For the young, I-Day is just an extended weekend
With their hectic lifestyles and not-a-minute-to-spare attitude, most people, especially youth, are simply glad that this year the Independence Day falls on a Friday - translating into an extended weekend.delhi Updated: Aug 13, 2008 22:17 IST
Anjana Gupta had tears in her eyes when the national anthem played and the tricolour went up for Abhinav Bindra, the shooter who got India its first individual Olympic gold medal in Beijing this week.
Gupta was proud of her countryman's feat. But ask the 24-year-old BPO employee about Independence Day - and she shrugs it off as just another holiday.
"I am a proud Indian, no doubt about that. But Independence Day doesn't mean much to me," a candid Gupta told IANS.
Her thoughts are echoed by many in the country who say they love their country and are proud of it too - but think of Independence Day as a national holiday.
With their hectic lifestyles and not-a-minute-to-spare attitude, most people, especially youth, are simply glad that this year the Independence Day Aug 15 falls on a Friday - translating into an extended weekend.
"I am really looking forward to Independence Day because it's on a Friday this time. A few of my friends and I are planning to go to a nearby hill station and enjoy the extended weekend," said Anubhav Goyal, a public relations consultant based in Bangalore.
Aug 15, 1947, is the day India won freedom from British rule after a protracted struggle that saw thousands lay down their lives. Several decades down the line, it leaves many a young soul cold though it is talked about at homes and schools from a young age.
Sourovi, a student in Delhi University and the associate editor of the varsity's official newspaper, said her team was busy with the special issue of the magazine on the occasion of India's 61st Independence Day.
However, when asked what she thought about the day, she said honestly that it didn't hold much meaning.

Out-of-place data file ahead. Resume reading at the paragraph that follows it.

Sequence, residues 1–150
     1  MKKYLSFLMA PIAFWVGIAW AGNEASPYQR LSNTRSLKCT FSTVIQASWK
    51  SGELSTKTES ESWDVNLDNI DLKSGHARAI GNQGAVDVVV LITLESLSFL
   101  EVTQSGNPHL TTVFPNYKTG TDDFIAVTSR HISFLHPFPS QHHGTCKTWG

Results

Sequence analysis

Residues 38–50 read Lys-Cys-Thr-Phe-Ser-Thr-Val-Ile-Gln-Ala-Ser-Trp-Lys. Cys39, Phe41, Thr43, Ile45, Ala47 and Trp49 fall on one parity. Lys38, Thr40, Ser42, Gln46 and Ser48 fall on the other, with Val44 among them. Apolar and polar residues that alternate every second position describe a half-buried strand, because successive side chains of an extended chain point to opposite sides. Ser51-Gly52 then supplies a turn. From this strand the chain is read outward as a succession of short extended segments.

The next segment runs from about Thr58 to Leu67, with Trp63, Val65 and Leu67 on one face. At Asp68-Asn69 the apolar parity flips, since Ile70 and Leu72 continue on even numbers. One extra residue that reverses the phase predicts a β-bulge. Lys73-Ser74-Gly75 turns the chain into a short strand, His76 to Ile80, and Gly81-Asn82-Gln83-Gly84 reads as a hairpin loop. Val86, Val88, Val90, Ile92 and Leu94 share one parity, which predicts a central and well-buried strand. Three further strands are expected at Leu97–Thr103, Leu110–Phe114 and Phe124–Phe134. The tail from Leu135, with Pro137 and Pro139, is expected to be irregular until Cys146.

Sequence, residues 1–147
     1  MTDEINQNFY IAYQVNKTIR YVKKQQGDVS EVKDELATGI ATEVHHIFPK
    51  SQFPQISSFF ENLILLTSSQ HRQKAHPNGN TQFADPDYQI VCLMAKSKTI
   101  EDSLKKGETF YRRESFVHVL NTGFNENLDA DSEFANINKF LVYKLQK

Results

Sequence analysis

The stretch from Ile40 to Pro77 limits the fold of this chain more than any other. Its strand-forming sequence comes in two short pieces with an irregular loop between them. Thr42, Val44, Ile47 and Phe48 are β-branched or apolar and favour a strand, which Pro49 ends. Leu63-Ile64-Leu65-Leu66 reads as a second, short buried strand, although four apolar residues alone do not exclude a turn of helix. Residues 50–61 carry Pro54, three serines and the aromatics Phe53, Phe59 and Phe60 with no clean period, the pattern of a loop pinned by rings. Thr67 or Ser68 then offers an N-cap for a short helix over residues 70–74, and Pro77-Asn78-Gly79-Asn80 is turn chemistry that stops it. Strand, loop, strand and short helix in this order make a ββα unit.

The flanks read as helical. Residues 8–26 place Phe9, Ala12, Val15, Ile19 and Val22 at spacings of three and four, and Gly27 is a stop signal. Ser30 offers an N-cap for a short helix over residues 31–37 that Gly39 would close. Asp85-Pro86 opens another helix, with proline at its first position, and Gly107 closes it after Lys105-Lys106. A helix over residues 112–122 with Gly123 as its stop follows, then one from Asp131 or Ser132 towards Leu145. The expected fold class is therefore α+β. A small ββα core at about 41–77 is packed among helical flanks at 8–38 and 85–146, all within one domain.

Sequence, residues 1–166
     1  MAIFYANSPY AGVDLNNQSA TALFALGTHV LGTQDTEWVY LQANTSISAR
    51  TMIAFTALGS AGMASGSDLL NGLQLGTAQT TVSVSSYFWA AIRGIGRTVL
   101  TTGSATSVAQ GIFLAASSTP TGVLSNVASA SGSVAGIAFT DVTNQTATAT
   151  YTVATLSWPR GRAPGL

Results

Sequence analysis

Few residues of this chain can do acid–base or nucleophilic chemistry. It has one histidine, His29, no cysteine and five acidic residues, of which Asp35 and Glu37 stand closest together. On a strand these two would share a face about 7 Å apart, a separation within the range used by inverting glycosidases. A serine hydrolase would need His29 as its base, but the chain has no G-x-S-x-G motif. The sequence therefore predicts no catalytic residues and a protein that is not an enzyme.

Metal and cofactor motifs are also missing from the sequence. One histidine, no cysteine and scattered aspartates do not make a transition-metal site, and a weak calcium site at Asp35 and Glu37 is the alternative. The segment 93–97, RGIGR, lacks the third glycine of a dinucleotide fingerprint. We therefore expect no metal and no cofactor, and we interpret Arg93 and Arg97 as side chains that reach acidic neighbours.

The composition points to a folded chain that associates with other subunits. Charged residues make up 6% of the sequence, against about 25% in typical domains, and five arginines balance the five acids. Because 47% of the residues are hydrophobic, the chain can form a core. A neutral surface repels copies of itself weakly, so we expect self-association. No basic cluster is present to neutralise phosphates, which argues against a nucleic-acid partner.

"Today we are all very occupied with our personal growth. Patriotism has little place in our lives. Therefore, for me Independence Day has very little emotion attached to it," Sourovi told IANS.
While it does not bring out patriotism in some of the young, the day does have its delights.
For Salil Sharma, a student who lives in central Delhi's Chandni Chowk area, Independence Day is all about the thrill of flying kites - tri-coloured or Batman and Spiderman shaped or the usual diamond shaped ones.
Flying kites on that day, after all, is a tradition.
"Most of my friends either sleep through Independence Day or sit at home watching movies, but not me. I look forward to the Independence Day celebrations," an enthusiastic Sharma said.
"My father religiously watches the flag hoisting ceremony at Red Fort on TV and after that all of us go to the neighbourhood park or our building's balcony and fly kites."
Perhaps 12-year-old Annie Saikia's words convey more than what she can say. A resident of Assam's Tinsukia district, she wishes she could actually see the national flag being hoisted instead of having to watch it on TV every time. Most of the time separatists call a bandh on that day.
"Every Independence Day there is an Assam bandh, called by separatist groups. Most of the time, there is a bomb blast somewhere and innocent people are killed.
"I wish even I could participate in an Independence Day ceremony like others in the country," she said wistfully.